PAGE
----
I just ended treatment with my chiropractor of the last three and a half years, and I started sobbing.
Yes — sobbing.
Chronic pain has a way of taking you to a place of desperation and humility like very few other things can. So when you find someone who relieves that pain even in minute ways, you give sincere thanks to God above and you think long and hard about ever parting ways with said care provider.
But it was time.
I have had pains creeping, now constant, in other joints without relief or any guess as to the cause. After waiting, praying, talking with others, and trying once to leave, it came time to confidently end treatment with my current chiropractor in order to try yet another specialist with the hopes that a new set of eyes on my scans, my history, and me will perhaps gain me more ground in recovering a pain-free body.
But, I wonder often if my quest is a worthwhile one. How much money should I spend? How many different specialists should I see? Tests should be done? Self doubt enters in and I beat myself up (figuratively, because you know, I’m kind of already feeling beat up enough physically) with thoughts of others who have “real” chronic pain (the kind that has a diagnosis). I think:
- I must just be a wimp or overly sensitive or too attune to my body.
- I’m too high-strung, and my character flaws are actually the root cause of my physical ailments.
- I think too much about myself and my body. I should pour myself out more into the pains and problems others are facing.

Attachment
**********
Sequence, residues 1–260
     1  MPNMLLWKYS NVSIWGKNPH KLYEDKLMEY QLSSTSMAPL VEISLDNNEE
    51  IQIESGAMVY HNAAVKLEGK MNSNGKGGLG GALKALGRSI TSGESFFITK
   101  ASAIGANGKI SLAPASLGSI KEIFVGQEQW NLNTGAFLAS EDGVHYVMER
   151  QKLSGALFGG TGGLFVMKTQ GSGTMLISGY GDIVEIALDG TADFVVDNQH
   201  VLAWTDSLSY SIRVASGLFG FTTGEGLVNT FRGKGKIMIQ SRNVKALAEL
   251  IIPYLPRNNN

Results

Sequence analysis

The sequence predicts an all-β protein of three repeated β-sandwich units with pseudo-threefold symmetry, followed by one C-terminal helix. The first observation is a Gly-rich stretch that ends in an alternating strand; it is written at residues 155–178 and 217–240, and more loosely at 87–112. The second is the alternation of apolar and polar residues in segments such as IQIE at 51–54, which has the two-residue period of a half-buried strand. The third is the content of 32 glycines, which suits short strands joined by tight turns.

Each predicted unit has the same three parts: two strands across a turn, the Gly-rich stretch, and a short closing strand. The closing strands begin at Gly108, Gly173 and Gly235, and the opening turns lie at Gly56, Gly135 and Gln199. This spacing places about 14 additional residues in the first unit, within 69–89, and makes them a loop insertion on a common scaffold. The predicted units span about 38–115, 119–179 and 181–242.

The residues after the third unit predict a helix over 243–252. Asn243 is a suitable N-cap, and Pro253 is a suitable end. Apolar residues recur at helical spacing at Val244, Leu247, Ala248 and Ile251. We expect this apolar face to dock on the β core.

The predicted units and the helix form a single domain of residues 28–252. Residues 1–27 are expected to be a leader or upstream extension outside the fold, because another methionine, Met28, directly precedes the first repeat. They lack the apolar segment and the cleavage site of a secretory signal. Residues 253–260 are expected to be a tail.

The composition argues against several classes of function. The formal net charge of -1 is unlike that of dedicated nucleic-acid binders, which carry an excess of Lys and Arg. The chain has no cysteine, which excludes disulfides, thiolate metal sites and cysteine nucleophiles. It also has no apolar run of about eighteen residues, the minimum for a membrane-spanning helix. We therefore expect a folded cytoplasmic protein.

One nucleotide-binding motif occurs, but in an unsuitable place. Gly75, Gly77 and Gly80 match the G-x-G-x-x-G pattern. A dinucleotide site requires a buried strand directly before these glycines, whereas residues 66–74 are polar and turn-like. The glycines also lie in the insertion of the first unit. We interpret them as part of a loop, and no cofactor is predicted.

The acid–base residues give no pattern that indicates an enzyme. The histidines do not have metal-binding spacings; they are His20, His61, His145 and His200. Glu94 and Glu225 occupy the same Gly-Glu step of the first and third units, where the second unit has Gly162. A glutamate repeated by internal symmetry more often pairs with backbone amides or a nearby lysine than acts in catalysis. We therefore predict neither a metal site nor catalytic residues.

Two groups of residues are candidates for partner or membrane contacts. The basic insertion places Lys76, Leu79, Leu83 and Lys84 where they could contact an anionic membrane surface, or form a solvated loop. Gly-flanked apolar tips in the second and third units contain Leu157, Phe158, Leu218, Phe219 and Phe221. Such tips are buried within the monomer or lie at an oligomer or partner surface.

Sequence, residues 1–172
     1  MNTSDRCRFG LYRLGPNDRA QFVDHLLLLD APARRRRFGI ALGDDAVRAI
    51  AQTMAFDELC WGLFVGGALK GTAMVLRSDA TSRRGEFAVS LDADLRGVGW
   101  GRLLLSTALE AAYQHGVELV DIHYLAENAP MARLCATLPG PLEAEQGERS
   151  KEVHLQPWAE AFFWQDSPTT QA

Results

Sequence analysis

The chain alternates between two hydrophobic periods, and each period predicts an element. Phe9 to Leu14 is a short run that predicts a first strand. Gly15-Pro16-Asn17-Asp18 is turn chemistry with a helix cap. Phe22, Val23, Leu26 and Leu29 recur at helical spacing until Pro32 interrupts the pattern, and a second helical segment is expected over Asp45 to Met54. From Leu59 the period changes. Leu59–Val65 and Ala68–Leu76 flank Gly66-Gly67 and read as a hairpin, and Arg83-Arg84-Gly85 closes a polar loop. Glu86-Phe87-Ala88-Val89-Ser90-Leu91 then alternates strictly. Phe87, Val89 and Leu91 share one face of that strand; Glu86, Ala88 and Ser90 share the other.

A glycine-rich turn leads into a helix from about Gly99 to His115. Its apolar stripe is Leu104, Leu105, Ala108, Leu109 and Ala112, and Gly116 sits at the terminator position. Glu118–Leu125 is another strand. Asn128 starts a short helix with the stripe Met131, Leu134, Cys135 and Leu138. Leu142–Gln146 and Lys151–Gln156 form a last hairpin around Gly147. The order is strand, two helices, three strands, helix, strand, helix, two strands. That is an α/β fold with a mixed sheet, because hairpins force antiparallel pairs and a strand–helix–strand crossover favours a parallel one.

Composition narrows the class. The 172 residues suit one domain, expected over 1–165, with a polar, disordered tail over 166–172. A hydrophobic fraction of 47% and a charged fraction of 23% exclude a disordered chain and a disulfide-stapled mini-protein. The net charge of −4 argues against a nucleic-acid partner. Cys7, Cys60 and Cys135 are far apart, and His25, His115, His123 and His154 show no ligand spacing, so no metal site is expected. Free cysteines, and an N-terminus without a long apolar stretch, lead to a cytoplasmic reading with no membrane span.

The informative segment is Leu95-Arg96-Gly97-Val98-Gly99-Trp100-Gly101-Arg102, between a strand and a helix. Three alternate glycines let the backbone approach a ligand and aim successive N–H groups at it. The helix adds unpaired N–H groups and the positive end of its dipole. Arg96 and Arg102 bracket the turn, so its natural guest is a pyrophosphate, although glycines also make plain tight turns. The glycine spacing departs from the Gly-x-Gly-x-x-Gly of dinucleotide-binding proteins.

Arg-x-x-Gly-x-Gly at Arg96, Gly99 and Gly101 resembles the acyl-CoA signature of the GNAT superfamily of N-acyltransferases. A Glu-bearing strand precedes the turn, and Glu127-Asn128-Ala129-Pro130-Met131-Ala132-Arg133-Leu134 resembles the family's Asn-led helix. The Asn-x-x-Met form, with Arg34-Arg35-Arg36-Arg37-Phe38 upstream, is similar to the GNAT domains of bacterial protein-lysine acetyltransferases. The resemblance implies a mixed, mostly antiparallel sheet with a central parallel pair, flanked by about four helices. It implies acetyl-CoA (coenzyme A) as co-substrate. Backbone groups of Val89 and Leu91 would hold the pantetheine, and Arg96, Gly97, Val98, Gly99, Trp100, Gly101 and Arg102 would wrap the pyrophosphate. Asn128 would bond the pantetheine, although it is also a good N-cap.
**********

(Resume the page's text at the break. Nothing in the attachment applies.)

- I need to toughen up and deal with it; I am just getting older and this is life.
And, you know what? All these thoughts might actually be true. But, it is of little consequence really because whatever the source of my (or your) pain might be, it is for us a context from which to live desperate.
Desperation is likely not on anyone’s list of New Year’s resolutions. It’s not something most people aim for, pray for, or welcome into their lives. But, out of desperation comes the sweetest intimacy one can experience, the most genuine experience of Emmanuel, God with us.
We so often want to do anything and everything we can to rid our lives of pain whether it be physical, emotional, or otherwise. We want to dismiss it, deny it, or mask it, but not press into it, feel it fully, and allow it to just be present without answers or remedy to take it away.
But, one thing I have learned over the last seven years of living with pain is that this thing that I would swiftly kick to the curb if I could, is the very thing that keeps me ever so close to Jesus. It is one of the most pronounced tools God uses in my life to draw my heart closer to His, to experience His abiding love for me, His mercy sustaining me, His ear bent to listen to my cries for help, His hands extending to be that help I need.
The pain that I often wish I could numb is the thing that keeps me from being numb to others’ pain. In its height, it heightens my awareness of others’ suffering. It fills me with great empathy. It fuels passionate prayers on behalf of others. The thing that I think is stealing my life away is actually what is making me live it more fully, more deeply, more keenly aware of what is worthwhile and eternal.
Today I am seeing a new-to-me doctor with the hopes that he will help me discover the causes and cure for some of the chronic pain I experience. While I still hold out hope to lose the pain, I pray I will never lose the unexpected gifts pain has given me.